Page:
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February 16, 2013
The H1N1 (swine flu) outbreak is enough to make anyone want to keep a distance from the coughs and sneezes of others. But an arm’s length may not be enough.

The conventional wisdom is that flu is spread largely through close contact with others and by touching contaminated surfaces.

A recent study by scientists at the Wake Forest School of Medicine, however, shows that people infected with the flu can send virus particles shooting into the air six feet away, farther than previously thought.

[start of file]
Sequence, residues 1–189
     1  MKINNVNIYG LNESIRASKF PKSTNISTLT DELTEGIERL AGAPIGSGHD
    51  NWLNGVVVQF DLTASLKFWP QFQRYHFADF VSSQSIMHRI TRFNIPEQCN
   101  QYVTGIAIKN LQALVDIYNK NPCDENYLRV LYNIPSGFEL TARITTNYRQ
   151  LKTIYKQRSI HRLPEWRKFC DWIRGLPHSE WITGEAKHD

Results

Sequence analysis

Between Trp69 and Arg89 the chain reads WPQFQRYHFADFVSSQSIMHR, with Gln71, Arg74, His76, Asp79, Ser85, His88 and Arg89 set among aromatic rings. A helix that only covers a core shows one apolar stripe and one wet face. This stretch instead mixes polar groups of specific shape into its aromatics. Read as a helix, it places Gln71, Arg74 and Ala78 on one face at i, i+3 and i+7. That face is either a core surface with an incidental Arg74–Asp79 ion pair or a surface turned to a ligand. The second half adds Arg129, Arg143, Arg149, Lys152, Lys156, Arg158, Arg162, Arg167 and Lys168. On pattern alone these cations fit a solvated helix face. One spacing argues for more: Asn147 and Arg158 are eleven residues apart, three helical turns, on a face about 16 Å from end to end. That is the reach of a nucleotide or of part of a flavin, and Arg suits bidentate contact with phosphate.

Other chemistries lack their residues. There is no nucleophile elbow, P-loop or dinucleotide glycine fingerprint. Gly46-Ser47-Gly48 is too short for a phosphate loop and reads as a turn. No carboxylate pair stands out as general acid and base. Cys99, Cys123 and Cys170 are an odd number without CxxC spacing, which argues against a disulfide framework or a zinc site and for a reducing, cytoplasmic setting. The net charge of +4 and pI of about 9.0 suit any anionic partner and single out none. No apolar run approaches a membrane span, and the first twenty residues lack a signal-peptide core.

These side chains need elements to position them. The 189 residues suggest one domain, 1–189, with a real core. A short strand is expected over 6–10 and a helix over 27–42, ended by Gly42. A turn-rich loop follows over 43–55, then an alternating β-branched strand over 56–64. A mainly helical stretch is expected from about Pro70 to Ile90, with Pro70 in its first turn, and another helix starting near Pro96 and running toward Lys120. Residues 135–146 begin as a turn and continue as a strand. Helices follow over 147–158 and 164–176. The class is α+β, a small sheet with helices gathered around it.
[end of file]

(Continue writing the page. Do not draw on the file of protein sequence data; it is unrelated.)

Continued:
The researchers looked at 94 people admitted to the hospital with flu-like illness.

As part of the examination process, researchers put each patient in a room and then collected air samples, looking for infectious particles.

Of the 61 patients who tested positive for flu, 26 released viruses particles in the air.

One out of five were considered highly infectious, releasing up to 32 times more virus on average than the others. These were also the patients with the highest viral loads and the worst symptoms.

A person within a range of six feet, the team found, “could be exposed to infectious doses of influenza virus, primarily in small-particle aerosols.” The New York Times